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Climate change in the Mediterranean

Some studies have found a particular concentration of greenhouse gases in the “Mare Nostrum” area, several strategies are underway to contain the social economic impact.

by Maria Pia Rossignaud
07 May 2020
5 min read
byMaria Pia Rossignaud
07 May 2020
5 min read

There is increasingly less rainfall in the Mediterranean. This is the conclusion of a recent survey by the CNR (Italian National Research Council) and the Institute of Atmospheric and Climate Sciences (ISAC) in collaboration with Reading University and Imperial College London, published in the PNAS (Proceedings of the National Academy of Sciences) scientific journal. The study showed that the increase in atmospheric concentrations of greenhouse gases in the Mediterranean has resulted in a substantial reduction in annual rainfall.  The Mediterranean is one of the regions most at risk for the effects of climate change and their impact is not to be underestimated.
The IPCC (Intergovernmental Panel on Climate Change), the UN's scientific panel, shares the CNR's concern and added its own warning in the new report about climate change on the ocean and cryosphere (sea and land ice, ice at the poles and on mountains). The latest dossier put together by WWF Italy "The climate crisis in the Mediterranean:  some figures" also reports on climate change and highlights critical issues in Mediterranean regions. 

A Mediterranean far too hot

The Mediterranean is a relatively enclosed sea, with narrow straits joining the Atlantic Ocean (Strait of Gibraltar) and the Black Sea (Bosphorus Strait). Because it is shallow, its waters warm up to higher temperatures than ocean waters.

These warmer Mediterranean waters have led to a proliferation of species typically found in tropical waters. Out of around 17 thousand species, it is estimated that a thousand originated from other parts of the world, brought by boats or other human activities. These species then developed thanks to the favourable climate, in competition with native species that were already struggling with the rise in temperature.

The increase in Mediterranean's temperature could lead to the disappearance of numerous animal and marine flora species, due to lack of oxygen. If to this we add the phenomenon of acidification, a direct effect of increased levels of carbon dioxide (CO2), then eventually the result will be the extinction of all local coral species.

The ecomarine system crisis also has a direct effect on humans, as once marine fauna has been destroyed, fishing will no longer be an option. It is worth noting that fishing in the Mediterranean is worth around 500 billion euros a year. A reduction in fishing means less work and less fish on our plates, a consequence which will also impact our eating habits. Climate change also affects and destroys crops and food production; droughts, in particular, often cause fires leading to an inevitable destruction of crops.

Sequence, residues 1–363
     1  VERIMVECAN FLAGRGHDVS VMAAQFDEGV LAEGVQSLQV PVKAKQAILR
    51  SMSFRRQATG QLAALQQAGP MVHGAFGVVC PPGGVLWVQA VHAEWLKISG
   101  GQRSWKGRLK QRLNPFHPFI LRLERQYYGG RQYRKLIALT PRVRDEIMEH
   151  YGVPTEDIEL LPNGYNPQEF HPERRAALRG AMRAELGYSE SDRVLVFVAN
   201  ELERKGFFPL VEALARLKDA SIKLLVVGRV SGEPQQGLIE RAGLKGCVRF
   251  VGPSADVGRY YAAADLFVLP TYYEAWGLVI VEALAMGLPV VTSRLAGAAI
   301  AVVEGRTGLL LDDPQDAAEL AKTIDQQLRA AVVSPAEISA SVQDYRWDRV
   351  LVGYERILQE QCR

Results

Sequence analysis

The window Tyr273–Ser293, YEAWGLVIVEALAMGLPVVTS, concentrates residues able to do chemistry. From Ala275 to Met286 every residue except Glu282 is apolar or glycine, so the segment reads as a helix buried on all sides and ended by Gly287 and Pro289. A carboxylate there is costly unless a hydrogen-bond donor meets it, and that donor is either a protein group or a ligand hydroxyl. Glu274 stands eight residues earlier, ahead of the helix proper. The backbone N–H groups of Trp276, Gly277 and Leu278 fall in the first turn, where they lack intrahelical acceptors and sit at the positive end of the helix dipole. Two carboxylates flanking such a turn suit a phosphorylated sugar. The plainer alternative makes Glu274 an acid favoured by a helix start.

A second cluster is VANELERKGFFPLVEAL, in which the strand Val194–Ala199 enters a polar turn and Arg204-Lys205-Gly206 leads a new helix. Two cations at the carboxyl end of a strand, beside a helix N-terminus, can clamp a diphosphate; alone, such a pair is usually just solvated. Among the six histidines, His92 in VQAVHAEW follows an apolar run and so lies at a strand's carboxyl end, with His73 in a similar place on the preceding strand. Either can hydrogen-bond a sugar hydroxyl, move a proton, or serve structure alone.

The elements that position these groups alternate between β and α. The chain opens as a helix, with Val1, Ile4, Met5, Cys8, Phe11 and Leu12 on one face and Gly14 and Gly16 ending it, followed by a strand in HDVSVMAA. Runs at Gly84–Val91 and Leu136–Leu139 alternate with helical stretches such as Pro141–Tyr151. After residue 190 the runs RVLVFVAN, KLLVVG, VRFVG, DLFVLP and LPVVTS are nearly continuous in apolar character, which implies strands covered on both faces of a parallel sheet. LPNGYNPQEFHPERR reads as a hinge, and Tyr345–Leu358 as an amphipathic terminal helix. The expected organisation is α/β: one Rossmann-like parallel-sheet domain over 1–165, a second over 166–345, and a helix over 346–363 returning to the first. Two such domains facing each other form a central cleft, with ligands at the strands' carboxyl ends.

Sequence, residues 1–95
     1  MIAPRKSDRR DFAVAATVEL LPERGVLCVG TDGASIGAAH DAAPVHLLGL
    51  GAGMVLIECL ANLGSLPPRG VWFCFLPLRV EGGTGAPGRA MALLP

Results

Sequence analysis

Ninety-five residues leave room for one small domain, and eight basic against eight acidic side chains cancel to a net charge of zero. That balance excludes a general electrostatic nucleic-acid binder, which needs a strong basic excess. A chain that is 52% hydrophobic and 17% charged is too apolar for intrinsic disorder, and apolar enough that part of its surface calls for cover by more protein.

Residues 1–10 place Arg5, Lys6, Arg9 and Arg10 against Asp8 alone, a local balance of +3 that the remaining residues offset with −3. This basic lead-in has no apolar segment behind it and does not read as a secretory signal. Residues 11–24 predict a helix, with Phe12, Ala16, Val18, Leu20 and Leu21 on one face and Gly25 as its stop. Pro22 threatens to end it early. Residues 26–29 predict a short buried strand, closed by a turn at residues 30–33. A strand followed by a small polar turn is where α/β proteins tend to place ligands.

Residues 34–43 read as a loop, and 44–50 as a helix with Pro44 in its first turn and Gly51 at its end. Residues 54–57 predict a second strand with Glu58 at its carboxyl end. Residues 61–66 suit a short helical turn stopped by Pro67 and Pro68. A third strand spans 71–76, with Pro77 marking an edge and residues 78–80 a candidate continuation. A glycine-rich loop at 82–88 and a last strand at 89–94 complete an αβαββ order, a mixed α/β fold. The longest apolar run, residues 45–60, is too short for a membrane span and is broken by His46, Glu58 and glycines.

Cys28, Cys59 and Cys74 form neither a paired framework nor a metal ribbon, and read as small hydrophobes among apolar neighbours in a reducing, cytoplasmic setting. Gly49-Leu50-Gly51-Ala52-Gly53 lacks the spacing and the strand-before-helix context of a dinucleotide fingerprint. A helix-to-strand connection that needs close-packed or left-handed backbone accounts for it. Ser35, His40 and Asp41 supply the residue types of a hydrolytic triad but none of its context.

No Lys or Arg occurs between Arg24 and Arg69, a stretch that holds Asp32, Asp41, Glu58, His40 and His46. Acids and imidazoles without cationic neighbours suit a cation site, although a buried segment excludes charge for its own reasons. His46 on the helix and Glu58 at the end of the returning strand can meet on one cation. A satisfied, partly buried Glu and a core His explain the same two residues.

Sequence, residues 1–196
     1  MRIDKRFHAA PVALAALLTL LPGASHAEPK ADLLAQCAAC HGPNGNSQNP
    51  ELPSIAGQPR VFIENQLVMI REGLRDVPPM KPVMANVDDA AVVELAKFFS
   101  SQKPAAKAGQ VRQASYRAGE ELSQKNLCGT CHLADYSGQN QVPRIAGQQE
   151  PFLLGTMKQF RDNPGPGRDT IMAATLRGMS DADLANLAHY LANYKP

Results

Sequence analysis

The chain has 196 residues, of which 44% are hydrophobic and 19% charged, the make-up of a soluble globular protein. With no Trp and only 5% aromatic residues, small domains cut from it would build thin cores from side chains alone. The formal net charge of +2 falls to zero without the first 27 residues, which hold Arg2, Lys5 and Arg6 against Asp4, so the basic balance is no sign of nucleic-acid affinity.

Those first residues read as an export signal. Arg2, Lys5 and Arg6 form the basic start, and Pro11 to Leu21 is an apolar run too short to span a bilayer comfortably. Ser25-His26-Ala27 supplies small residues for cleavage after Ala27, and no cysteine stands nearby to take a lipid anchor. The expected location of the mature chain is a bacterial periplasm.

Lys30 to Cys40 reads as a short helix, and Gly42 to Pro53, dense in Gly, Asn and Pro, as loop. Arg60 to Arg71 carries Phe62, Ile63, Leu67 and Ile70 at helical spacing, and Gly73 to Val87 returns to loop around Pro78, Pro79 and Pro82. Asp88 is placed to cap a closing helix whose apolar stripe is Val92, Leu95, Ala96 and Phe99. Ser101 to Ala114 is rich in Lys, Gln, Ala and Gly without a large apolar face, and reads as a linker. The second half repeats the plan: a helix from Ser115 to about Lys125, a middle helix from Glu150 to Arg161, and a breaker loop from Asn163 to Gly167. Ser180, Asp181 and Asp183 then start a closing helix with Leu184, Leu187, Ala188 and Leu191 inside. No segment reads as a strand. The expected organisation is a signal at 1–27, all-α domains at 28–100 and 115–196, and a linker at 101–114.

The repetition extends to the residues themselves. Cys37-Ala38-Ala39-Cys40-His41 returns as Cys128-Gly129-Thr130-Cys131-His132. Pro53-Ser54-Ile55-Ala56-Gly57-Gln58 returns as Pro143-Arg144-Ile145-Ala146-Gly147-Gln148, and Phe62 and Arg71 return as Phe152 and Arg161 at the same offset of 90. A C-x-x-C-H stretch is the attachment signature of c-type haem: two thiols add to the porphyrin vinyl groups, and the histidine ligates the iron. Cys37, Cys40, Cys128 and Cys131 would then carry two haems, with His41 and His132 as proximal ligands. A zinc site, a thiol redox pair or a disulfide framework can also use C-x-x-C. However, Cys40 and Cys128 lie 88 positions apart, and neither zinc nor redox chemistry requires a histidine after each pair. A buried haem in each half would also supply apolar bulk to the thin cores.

From current climate models, a change in rainfall can already be observed in North Africa and the Eastern Mediterranean, and if carbon dioxide emissions continue at current levels, the risk could also extend to Southern Italy. The scientific team involved in the research, comprising experts from various institutes, reported that an increase in greenhouse gases could intensify the changes in atmospheric circulation on a large scale, further reducing low pressure and consequently rainfall.


Coral bleaching is one of the many consequences of climate change

Research efforts

It is crucial that people and businesses understand what can be done to prevent these changes and consider which models should be adopted to avoid the current situation becoming progressively worse.

To this end, the "Paris Pledge for Action" was launched at the COP21 in Paris, a public call to action directed at investors, organisations and companies, asking them to endorse their commitment to fight the critical issues arising from climate change. 195 countries have joined the initiative, and Eni is one of the Italian signatories, determined to fully support the objectives set out in the agreement.

In line with this commitment, Eni has integrated the UN Sustainable Development Goals into its corporate mission, adopting a strategy to combat climate change that involves investment in applied research to improve technology aimed at reducing emissions, accelerate the decarbonization process and find innovative solutions to encourage the energy transition.  

In addition to the climate model for the Mediterranean Sea, an investigation examined climate models from other areas with temperate climates. These include California, which has higher rainfall due to a slower rate of global warming, and Chile, where rainfall is reducing rapidly, just as in the Mediterranean. The models also show that ocean surface warming is not uniform, with some areas heating faster than others. Those areas show changes in winter atmospheric circulation, which result in Mediterranean-type climates having lower rainfall. The research does not exclude the possibility that rainfall intensity in some Mediterranean regions may evolve in parallel with global warming over the next few centuries, or even at a faster pace, with the climate's response to CO2 emissions over time impacting the timescale and extent of its progress. This is because some aspects of climate change take place slowly over centuries, such as rising sea levels, while others have a much faster and yet contained rhythm, regulating the presence of greenhouse gases in the atmosphere. Stabilising greenhouse gas emissions would therefore have both immediate and long-term beneficial effects for water resources and rainfall in regions at risk of arid summers and desertification.